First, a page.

WASHINGTON — The U.S. Department of Agriculture (USDA) has announced approximately $35 million in available funding to community-based and nonprofit organizations, institutions of higher education, and tribal entities that help historically underserved and veteran farmers and ranchers own and operate successful farms. Funding is made through the USDA’s Outreach and Assistance for Socially Disadvantaged Farmers and Ranchers and Veteran Farmers and Ranchers Program (also known as the 2501 Program). The 2501 Program is administered by the USDA Office of Partnerships & Public Engagement (OPPE).
“It has always been hard for the beginning farmer, the young farmer, the specialty crop grower to access and make use of USDA programs—and even more so for farmers of color who were denied access because of historical discrimination in farm programs,” said OPPE Director Lisa Ramirez. “2501 funding helps historically underserved groups more fully access and participate in USDA programs and services.”
For more than 30 years, and in partnership with organizations nationwide, the 2501 Program has helped reach historically underserved farmers and ranchers who have experienced barriers to service due to racial or ethnic prejudice. The 2014 Farm Bill expanded the program to include assistance to veteran farmers and ranchers. The 2018 Farm Bill increased mandatory funding for the program through fiscal year 2023. With 2501 funding, organizations conduct education, training, farming demonstrations, and conferences on farming and agribusiness, and increase access to USDA’s programs and services.
Since 2010, the 2501 program has awarded 563 grants totaling more than $158 million. Among recent FY 2021 grantees, the Kodiak Archipelago Leadership Institute received a 2501 grant to help establish a regional network of Alaska Native farmers in support of economic development and regional food security. Additionally, Georgia-based Stag Vets, Inc. conducted institutes to train veterans and other students for careers in sustainable food production.
Eligible 2501 Program applicants include not-for-profit organizations, community-based organizations, and a range of higher education institutions serving African American, American Indian, Alaska Native, Hispanic, Asian, and Pacific Islander communities.
Visit the 2501 Program page for more information on the 2501 funding opportunity.
Learn more through upcoming webinars:
Session 1: March 30, 2022, at 2 p.m. EDT – Register at: www.zoomgov.com/webinar/register/WN_deGz0uf9TIyNPkkuvRfxUA
Session 2: May 4, 2022, at 2 p.m. EDT – Register at: www.zoomgov.com/webinar/register/WN_29_qm0hxTbeYw2I9e2QAfw
Call for Peer Review Panelists
USDA seeks qualified individuals to serve as peer reviewers to evaluate 2501 program proposals for fiscal year 2022. The peer review approach brings together diverse individuals who can provide fair, expert, and unbiased evaluation of proposals. The process ensures that grant projects are properly planned, competition is open and fair, proposed budgets are carefully examined, and grant awards are structured to protect the interests of the government. The entire review process will be conducted virtually for approximately three to four weeks. Selected reviewers will receive compensation. Visit the OPPE website for full details. If you are interested in serving on the peer review panel, and your affiliated organization is not applying for a 2501 grant, please send your resume and summary of qualifications to firstname.lastname@example.org no later than April 15, 2022 for consideration.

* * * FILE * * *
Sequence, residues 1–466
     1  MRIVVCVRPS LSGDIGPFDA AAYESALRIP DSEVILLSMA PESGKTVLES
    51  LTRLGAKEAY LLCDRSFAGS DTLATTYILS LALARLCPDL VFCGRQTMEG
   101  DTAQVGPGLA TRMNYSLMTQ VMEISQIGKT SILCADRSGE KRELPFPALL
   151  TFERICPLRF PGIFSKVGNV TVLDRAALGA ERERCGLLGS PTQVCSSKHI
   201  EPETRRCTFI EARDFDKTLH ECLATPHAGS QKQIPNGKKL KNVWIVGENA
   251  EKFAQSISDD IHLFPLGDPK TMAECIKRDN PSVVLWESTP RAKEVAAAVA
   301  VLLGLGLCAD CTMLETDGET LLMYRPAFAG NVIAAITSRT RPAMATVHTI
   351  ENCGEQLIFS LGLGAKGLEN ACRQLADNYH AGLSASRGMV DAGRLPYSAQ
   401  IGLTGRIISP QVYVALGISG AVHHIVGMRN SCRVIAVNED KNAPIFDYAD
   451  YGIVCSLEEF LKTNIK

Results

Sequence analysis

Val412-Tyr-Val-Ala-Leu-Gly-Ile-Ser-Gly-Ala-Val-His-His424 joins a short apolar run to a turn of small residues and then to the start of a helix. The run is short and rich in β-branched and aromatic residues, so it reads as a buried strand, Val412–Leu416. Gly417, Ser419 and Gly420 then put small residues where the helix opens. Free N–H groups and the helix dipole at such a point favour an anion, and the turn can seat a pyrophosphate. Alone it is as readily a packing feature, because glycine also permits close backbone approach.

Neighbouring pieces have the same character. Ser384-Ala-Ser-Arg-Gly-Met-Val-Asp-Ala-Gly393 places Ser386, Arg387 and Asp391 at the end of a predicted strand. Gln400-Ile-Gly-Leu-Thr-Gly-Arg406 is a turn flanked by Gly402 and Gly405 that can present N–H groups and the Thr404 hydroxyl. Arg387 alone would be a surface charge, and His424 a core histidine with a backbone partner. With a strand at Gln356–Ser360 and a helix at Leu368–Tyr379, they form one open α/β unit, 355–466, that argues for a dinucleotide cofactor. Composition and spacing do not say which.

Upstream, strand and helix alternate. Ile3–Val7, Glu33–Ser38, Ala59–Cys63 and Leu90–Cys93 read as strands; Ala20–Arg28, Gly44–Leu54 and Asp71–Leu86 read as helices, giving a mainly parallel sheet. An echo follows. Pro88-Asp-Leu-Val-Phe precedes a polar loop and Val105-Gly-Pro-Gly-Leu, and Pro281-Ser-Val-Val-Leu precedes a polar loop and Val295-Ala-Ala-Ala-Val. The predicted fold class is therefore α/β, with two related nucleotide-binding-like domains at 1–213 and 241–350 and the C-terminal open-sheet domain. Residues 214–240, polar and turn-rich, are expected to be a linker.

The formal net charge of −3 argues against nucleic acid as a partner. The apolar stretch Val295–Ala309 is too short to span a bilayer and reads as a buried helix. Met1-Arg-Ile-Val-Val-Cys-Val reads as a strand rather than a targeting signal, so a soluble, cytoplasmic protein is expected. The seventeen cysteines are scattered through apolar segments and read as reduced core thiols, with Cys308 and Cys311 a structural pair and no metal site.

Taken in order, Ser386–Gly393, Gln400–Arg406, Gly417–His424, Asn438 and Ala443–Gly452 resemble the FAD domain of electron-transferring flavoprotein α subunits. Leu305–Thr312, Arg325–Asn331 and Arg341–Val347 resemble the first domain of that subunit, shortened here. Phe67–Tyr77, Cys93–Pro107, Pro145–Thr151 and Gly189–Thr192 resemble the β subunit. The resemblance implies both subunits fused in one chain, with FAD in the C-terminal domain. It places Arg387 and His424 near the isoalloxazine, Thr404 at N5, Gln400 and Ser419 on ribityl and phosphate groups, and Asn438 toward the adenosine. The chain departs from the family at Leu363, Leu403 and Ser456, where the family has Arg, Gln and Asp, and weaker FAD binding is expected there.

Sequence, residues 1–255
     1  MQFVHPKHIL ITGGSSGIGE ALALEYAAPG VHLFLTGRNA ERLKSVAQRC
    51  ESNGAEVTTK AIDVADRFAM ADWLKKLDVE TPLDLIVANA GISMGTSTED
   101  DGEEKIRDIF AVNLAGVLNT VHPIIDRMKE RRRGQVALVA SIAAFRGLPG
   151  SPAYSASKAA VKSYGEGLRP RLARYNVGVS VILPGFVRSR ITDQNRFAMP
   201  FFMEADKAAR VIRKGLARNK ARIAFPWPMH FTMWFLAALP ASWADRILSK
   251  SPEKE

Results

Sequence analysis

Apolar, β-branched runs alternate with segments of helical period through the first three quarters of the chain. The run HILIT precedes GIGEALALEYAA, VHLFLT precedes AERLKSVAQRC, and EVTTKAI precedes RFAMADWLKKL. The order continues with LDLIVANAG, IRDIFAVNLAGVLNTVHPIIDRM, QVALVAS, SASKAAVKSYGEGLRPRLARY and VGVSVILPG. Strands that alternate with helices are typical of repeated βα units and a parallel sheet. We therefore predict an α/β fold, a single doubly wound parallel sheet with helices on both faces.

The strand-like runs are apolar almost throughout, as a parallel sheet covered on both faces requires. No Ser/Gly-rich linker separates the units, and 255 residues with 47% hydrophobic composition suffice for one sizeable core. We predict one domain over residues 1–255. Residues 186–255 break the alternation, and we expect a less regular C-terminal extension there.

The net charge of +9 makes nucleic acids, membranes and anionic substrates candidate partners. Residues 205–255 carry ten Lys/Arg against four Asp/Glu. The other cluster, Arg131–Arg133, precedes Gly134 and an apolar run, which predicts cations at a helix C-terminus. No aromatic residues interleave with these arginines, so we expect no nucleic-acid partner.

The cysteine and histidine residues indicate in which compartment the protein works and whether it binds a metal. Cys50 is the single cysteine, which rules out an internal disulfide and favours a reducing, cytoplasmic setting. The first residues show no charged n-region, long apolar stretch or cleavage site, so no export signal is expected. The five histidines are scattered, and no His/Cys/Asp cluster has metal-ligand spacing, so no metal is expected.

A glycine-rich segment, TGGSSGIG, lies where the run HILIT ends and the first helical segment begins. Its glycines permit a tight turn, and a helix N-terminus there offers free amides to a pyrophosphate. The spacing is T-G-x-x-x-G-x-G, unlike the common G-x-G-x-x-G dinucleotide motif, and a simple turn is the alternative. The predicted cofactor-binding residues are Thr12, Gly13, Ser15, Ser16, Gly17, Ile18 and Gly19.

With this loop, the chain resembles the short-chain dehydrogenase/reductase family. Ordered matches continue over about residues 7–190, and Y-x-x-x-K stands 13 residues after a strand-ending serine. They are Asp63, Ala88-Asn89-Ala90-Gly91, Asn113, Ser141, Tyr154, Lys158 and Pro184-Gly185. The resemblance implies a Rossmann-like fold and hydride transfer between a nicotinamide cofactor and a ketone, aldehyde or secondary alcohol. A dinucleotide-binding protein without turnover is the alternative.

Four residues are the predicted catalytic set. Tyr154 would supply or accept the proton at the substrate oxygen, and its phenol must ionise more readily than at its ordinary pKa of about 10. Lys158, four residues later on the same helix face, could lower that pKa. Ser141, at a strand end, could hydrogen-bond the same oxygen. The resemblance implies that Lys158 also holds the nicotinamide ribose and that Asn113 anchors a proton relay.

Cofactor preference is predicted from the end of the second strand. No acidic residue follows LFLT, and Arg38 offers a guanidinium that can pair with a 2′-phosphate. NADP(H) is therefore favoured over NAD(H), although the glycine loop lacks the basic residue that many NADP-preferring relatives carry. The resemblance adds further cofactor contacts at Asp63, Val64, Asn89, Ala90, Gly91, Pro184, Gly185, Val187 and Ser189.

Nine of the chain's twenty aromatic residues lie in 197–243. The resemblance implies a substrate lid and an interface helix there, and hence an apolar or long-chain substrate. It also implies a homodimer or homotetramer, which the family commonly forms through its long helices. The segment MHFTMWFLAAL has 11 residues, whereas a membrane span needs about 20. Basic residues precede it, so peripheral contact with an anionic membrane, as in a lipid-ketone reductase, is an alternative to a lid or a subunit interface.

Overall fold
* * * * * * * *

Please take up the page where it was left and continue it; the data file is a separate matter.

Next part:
Today’s announcement is the latest in a series of announcements building momentum around USDA’s historic commitment to root out generations of systemic racism, center equity in decision-making and policymaking, lower barriers to access and ensure USDA programming is inclusive of all employees and all customers. Learn more at www.usda.gov/equity.
USDA touches the lives of all Americans each day in so many positive ways. In the Biden-Harris Administration, USDA is transforming America’s food system with a greater focus on more resilient local and regional food production, fairer markets for all producers, ensuring access to safe, healthy, and nutritious food in all communities, building new markets and streams of income for farmers and producers using climate smart food and forestry practices, making historic investments in infrastructure and clean energy capabilities in rural America, and committing to equity across the Department by removing systemic barriers and building a workforce more representative of America. To learn more, visit www.usda.gov.